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Fuel Cards Used by Truckers may be Vulnerable to Fraud and Theft: Contact Brady & Associates if You have had a Loss

In an article published by Land Line Magazine in the June 2011 issue, the subject of fuel card fraud is discussed. Two truckers share experiences of being the victims of theft related to their fuel credit card accounts with Comdata and EFS Transportation Services. In one instance, the perpetrators had been able to gather enough information about a card holder's account to write thousands of dollars of checks against the account. The trucker had been told two weeks prior to this event that Comdata had discontinued online checks.

Another owner-operator from Soldiers Grove, WI lost $10,400 in April when his EFS Transportation Services fuel card was hacked. Seventeen checks were cashed in three states using the account. The driver alleges that the company had time to stop payment and didn't.

In both instances, the victims express a great deal of frustration with the credit card companies in that the companies and law enforcement authorities do not provide much assurance of getting to the bottom of the issue. Comdata does not accept responsibility for the loss, even though it acknowledges that its customers have been the target of hackers. The risk management representative states that, "This appears to be a group of hackers who have been targeting the industry as a whole."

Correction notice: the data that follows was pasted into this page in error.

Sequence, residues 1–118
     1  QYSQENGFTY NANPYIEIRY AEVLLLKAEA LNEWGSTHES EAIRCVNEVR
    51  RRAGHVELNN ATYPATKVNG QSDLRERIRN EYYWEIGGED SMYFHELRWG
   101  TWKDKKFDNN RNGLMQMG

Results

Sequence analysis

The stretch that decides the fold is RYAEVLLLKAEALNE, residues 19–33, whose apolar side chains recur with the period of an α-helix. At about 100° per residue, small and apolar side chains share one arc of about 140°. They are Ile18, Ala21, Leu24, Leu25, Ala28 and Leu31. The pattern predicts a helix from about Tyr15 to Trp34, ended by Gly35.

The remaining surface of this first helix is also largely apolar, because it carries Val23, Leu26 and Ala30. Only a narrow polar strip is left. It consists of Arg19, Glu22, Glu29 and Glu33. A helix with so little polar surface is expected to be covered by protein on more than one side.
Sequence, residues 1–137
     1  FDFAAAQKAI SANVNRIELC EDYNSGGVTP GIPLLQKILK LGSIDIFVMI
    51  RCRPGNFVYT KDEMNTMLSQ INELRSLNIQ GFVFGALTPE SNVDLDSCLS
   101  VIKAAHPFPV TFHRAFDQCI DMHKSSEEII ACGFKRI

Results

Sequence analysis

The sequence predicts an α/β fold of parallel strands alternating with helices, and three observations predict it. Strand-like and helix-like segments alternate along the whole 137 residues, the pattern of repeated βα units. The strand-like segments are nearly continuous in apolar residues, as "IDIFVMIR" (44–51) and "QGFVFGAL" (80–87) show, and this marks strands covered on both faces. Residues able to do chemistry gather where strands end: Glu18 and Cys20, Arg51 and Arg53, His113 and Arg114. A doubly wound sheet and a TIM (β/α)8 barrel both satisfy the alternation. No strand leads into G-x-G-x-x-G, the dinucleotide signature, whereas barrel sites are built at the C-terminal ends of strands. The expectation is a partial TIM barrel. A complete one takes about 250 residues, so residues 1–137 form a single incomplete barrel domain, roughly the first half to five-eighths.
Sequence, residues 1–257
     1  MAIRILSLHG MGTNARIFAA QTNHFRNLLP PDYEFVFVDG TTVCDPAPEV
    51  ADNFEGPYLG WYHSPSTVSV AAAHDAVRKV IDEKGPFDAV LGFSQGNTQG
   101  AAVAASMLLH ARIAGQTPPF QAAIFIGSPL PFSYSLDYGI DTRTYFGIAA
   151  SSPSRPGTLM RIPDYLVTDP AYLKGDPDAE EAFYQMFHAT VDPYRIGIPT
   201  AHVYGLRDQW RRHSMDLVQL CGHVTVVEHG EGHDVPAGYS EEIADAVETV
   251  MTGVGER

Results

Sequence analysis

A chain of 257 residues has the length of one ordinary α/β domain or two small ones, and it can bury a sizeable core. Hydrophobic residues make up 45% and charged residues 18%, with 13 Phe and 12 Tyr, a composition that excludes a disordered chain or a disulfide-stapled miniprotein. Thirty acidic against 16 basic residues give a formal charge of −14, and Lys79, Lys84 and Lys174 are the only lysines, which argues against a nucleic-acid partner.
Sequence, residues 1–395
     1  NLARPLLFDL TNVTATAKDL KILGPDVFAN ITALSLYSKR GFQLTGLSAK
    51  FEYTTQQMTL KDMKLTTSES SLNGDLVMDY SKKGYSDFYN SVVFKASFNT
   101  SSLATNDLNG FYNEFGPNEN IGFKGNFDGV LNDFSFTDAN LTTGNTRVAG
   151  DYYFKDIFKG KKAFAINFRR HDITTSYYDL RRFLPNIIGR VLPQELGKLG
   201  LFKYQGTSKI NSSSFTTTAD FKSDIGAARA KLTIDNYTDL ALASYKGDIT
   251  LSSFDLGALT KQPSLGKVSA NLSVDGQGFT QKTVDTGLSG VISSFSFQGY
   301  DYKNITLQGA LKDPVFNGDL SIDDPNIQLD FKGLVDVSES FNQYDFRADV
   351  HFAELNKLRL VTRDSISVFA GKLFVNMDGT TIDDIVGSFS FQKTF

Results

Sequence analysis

Land Line magazine conducted an informal survey on its website and the results indicate that 10 percent of respondents communicated that their fuel card/check was compromised or hacked one or more times. Fifteen percent say that they go ahead and pay for diesel with cash.

A recent lawsuit filed by Brady & Associates against Pilot Travel Centers, LLC is based on the Fair and Accurate Credit Transactions Act (FACTA) rule that "[N]o person that accepts credit cards or debit cards for the transaction of business shall print more than the last five digits of the card number or the expiration date upon any receipt provided to the cardholder at the point of sale or transaction." The lawsuit alleges that the defendant willfully violated FACTA and failed to protect Plaintiff and others similarly situated against identity theft as well as credit card and debit card fraud by printing "more than the last five digits of the card number" on receipts provided to cardholders doing business with Pilot.

The attorneys at Brady & Associates would like to hear from drivers who use fuel cards who have also been the victim of fraud or identity theft. Please contact us if you or someone you know has experienced a loss you suspect may be due to these alleged vulnerabilities.

Source:
Fuel cards hacked? Comdata warns of account thefts, Land Line Magazine, June 2011

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